Christmas ornaments are now an indispensable part of Christmas tree decorations. The manufacture and sale of Christmas ornaments makes one of the greatest markets worldwide. Despite being increasingly commercialized, the use of Christmas ornaments lend its own special charm, an alacrity to the old tradition of Christmas every year and infuse true enthusiasm in the Christmas celebrations.
10. Origin and Secrets of Christmas Elves
‘Merry Christmas 2019’
Secrets and Origin
Elves are known to be tiny, dwarf-like creatures, either male or female, with pointed ears. They are youthful but immortal and have magical powers that can control what you see and experience. Their abodes are said to be underground, in forests, or in springs and wells, but no one really knows about it because they keep their location a secret! It is also believed that on the 6th of January the elves light up their torches and come down from their secret village in the mountain to play in a hidden field to celebrate the last day of Christmas.
But do you know who these elves are? Are they real creatures or just a myth? What is the story behind their origin? What is the secret behind them?
Elves have a fascinating history that is associated with Germanic paganism. Elves are originally seen to be the creation of Germanic paganism who thought them to be the creatures of light who lived in the heavens. Elves have been depicted as male or female, tiny or dwarf-like, youthful and immortal with magical powers. Later they were often referred to as living underground, in forests, springs and wells. Elves generally were magical beings who could control what people see as well as experience. Elves and fairies are also highly associated with the mushroom “Amanita Muscaria”, also referred to as “magic mushrooms” not only in art but in Psychedelic experiences.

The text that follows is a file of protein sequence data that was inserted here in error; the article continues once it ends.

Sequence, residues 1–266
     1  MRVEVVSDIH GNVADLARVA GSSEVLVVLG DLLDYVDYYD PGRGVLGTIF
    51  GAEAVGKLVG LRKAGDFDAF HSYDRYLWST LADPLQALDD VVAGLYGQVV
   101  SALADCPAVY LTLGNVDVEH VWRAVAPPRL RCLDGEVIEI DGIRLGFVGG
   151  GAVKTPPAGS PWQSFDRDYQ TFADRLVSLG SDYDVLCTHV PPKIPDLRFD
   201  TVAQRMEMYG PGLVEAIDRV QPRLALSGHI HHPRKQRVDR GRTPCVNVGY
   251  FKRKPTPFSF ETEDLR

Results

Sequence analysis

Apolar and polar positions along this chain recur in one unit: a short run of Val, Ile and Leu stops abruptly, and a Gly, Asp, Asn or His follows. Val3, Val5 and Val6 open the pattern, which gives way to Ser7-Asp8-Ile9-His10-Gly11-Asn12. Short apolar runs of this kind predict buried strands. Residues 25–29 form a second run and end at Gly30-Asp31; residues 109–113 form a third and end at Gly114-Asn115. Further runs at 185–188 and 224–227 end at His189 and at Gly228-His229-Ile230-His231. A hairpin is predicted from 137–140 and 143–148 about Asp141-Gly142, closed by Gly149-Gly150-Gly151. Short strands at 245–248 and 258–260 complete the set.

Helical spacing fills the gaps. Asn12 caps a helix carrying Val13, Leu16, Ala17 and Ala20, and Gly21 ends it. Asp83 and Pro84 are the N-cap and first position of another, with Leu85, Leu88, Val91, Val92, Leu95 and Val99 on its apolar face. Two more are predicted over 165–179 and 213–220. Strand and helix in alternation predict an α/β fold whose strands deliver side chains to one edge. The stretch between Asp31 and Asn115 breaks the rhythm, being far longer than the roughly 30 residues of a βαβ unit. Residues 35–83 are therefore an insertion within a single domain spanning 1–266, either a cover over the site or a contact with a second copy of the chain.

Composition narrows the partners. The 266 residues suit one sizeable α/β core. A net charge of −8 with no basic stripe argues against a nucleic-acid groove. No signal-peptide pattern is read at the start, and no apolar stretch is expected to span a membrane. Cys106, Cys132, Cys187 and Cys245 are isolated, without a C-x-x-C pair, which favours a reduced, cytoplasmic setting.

Centuries ago, in the pagan times, Scandinavian people believed that elves are house gnomes who guarded their homes against evil. If you were good, the elves were good to you, but if you were bad, the mischievous elves would play tricks on you. Although these gnomes mostly were benevolent, they could quickly turn nasty when not properly treated, so it is told. Some of the tricks they enjoyed playing were giving you nightmares by sitting on your head while you were dreaming, tangling your hair as you slept, making your milk turn sour, and stealing your sausages. Folks believed that if they left a bowl of porridge on the doorstep at night, the elves would be happy and not subject them to their ornery antics. Throughout the centuries, they were either loved or loathed. Some people even believed them to be trolls and cannibals. The perception of gnomes largely depended on whether a person was naughty, or nice.
By the mid-1800’s the true purpose of the elves was revealed by the Scandinavians. Elves – already a tradition associated with story telling and magic, assumed a new significance in the mid-1800’s and their true intention began to be held as nothing else but to help Father Christmas (Santa Claus). This was the handiwork of the popular Scandinavian writers of the day. At this time, elaborate Christmas festivals regained popularity and Scandinavian story writers such as Thile, Toplius, Rydberg sketched the elves’ true role in modern life: fairies that are somewhat mischievous, but the true friends and helpers of Father Christmas. It is during this period when the elves began to be referred to as the “Christmas elves”, or simply “elves”, and not “house gnomes” anymore. Artists such as Hansen and Nystrm completed the picture of elves for us. It is now began to be held that the elves help Santa design and make the wonderful toys and gifts he brings to children. They were said to have other duties as well. Some elves take care of Santa’s reindeer and keep his sleigh in good condition, ready to fly through the skies on Christmas Eve. Others help Santa keep his naughty and nice list in order, and some elves guard the secret location of Santa’s village. Elves make sudden appearances in the days before Christmas, to keep an eye on each children and see which of them are behaving well and obeying their parents. They are believed to be Santa’s secret agents and report their findings back to him. Children who are unkind and misbehave have their names added to the naughty list and may wake up Christmas morning to find their filled with lumps of coal or bundles of twigs!